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“It’s satisfying helping to improve a person’s quality of life by bringing joy and comfort”

4 November 2019

For Occupational Therapy Week, we caught up with Amy, a Senior Palliative Care Occupational Therapist at Birmingham St Mary’s Hospice. In her role, Amy supports patients to remain independent for as long as possible, so that they can keep on doing the things that matter most to them. Here, she explains how…   

As an Occupational Therapist, I look at how someone’s illness affects their everyday activities. This could include how you get around your house, how you clean yourself and get dressed, how you cook a meal or how you look after your pets. It could also include the things you enjoy doing, such as going to the shops, watching your favourite football team play or seeing your mates down the pub. I know that people want to keep doing as much as they can for as long as they can – and so that’s what I support them with.

I also help individuals to manage any difficult symptoms they may be experiencing, such as breathlessness, anxiety and mobility issues. I will share techniques and advise on equipment they can use, to try and minimise the impact these symptoms might have on their quality of life.

If I’m working with a patient who is living at home, I will assess their property and look at ways that we can adapt it. This could involve installing handrails to make it easier to get around the home, aids to help a person go to the toilet independently and ramps so that they can get in-and-out of the house safely. I will also talk to them to see if there are any activities they are struggling with. If a person gets out of breath very easily for example, we will work together to prioritise activities and look at how they could pace them throughout the day.

I also support patients who are staying at our Inpatient Unit at the Hospice. With these patients, I will often work with them to see what support they will need when they go back home. Again, this could be seeing if you need any aids in the home, such as wheelchairs or a bath seat, or sharing techniques you might find useful, such as practising how to get in-and-out of bed more easily. Ultimately, I want to make sure that when that person does go home, they are armed with the confidence and techniques to remain there – especially as for so many people, home is where they want to be.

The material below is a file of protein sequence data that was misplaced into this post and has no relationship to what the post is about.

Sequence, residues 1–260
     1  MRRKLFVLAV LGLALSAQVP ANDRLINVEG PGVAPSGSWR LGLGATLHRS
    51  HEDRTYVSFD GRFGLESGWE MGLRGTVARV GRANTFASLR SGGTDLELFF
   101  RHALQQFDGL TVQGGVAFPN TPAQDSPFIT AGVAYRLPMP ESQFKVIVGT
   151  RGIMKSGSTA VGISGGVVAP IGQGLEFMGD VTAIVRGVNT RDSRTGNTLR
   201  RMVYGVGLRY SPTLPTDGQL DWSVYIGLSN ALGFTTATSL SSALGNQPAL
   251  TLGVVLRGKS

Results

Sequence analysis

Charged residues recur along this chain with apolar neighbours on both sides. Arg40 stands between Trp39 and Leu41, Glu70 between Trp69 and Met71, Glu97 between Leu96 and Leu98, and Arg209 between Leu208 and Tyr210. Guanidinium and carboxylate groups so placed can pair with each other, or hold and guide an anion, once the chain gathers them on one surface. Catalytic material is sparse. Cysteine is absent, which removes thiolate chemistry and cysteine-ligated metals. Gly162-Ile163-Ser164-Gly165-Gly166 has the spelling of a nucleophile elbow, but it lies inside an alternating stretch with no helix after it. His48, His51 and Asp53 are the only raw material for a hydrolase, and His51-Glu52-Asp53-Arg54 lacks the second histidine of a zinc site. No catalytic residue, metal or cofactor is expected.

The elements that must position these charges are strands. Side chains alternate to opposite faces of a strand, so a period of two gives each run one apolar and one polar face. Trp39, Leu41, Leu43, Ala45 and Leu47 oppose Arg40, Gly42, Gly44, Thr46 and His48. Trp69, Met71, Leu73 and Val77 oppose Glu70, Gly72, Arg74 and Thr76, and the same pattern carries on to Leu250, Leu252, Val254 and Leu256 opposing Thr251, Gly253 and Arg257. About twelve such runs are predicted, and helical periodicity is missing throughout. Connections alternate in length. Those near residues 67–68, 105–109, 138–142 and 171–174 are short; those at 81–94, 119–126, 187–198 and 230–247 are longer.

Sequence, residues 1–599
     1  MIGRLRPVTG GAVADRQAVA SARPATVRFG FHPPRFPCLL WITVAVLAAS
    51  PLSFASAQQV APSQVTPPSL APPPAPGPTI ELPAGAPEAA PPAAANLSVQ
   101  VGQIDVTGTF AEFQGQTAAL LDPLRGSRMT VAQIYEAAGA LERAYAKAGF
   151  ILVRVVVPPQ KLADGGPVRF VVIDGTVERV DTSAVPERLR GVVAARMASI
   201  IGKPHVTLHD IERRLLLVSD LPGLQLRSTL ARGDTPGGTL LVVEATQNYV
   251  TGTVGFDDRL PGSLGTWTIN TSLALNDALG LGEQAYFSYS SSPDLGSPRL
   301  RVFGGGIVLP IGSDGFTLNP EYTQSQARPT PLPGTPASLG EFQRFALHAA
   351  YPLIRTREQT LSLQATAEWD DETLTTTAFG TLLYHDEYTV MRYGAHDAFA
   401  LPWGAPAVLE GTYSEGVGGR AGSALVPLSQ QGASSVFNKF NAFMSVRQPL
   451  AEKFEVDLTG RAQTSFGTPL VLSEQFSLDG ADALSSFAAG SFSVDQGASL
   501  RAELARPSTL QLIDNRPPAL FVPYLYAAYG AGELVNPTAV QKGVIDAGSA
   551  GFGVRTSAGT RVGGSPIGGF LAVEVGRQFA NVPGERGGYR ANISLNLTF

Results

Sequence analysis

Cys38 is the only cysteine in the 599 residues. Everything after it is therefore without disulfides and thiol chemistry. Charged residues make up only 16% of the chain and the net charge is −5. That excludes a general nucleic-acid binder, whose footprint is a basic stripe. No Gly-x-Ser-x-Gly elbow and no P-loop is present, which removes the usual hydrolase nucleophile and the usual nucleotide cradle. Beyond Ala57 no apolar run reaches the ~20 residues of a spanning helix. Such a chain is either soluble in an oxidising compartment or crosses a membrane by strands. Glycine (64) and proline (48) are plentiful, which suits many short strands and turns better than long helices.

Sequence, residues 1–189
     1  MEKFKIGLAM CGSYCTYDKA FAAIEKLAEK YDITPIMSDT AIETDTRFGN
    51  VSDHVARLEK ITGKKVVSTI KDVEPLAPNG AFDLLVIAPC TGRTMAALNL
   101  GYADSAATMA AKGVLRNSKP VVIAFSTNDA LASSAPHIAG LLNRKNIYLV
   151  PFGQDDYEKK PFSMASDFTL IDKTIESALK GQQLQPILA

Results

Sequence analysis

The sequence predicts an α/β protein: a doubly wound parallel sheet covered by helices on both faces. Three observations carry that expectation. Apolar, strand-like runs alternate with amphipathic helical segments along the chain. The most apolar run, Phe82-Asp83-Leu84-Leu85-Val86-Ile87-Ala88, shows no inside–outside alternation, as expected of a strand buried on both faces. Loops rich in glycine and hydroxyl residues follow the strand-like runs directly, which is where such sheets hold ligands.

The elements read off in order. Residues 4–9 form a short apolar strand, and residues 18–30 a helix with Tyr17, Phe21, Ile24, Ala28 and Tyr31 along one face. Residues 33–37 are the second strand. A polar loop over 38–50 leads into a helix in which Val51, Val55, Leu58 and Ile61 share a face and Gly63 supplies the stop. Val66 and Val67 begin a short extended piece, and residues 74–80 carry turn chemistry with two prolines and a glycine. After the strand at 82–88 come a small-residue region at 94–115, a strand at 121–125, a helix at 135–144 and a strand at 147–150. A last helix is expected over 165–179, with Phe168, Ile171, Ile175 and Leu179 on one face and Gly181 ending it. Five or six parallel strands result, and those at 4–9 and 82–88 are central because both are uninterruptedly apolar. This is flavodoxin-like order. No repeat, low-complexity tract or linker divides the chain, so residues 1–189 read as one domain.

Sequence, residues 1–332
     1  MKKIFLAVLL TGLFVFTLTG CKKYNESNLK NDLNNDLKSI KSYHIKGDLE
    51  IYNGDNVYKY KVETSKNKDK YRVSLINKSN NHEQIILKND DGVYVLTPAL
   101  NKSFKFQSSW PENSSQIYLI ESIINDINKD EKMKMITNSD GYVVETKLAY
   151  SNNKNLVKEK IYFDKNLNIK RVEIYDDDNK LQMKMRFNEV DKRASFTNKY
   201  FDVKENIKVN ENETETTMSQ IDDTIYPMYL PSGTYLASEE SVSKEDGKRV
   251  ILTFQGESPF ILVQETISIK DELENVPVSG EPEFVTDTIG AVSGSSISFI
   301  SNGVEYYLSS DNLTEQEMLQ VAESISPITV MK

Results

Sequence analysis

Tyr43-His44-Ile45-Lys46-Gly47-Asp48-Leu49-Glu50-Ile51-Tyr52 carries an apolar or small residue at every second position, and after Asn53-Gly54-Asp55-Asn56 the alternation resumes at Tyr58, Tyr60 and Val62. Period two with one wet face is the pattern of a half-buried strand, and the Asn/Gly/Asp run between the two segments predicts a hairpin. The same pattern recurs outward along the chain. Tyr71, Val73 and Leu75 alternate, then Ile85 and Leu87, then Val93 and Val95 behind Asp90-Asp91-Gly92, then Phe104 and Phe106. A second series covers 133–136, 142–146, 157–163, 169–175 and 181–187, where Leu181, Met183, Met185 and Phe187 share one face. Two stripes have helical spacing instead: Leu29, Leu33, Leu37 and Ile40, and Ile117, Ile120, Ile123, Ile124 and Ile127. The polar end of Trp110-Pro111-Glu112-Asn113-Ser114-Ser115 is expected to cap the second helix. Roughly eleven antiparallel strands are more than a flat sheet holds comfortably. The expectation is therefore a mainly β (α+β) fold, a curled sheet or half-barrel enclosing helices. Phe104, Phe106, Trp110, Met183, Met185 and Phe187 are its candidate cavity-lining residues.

Another part of my role is delivering educational programmes to people who visit our Day Hospice. We deliver a number of programmes, including how to manage and plan functional activities, such as cooking meals. One of my favourite programmes though, is looking at social and leisure activities. For so many people, having a life-limiting illness can be quite isolating and can make their world smaller. With this programme, we look at how individuals can still take part in social activities. I want to keep a person’s world open, enabling them to live well for as long as possible.

What I enjoy most about my role is how goal-focussed it is. Our team will sit down with patients to find out what really matters to you and what goals they you would like to achieve. Recently, I supported a woman at home whose biggest wish was to get into her garden. She took great pride in her garden and had spent many days sitting in it. Unfortunately, her illness meant she could no longer walk the distance to her garden, which caused her a lot of emotional distress. So I worked alongside her to see what we could do to change this, and ended up providing her with a wheelchair and installing ramps. Knowing that she was able to spend her final weeks in the place she loved was hugely rewarding – it’s satisfying to know that you’re helping to improve a person’s quality of life by bringing joy and comfort.

For many of us throughout our lives, we often take the little things for granted – like being able to make a cup of tea or going for a walk to the shops. When diagnosed with a life-limiting illness, we realise that it’s often those little things that make a big difference. Supporting people to be able to do those things is so important – it helps maintain a sense of identity, improves wellbeing and can make someone feel more in control of their illness.

Thank you Amy for sharing your story with us. If you would like to find out about the different services we provide at Birmingham St Mary’s Hospice, please take a read here.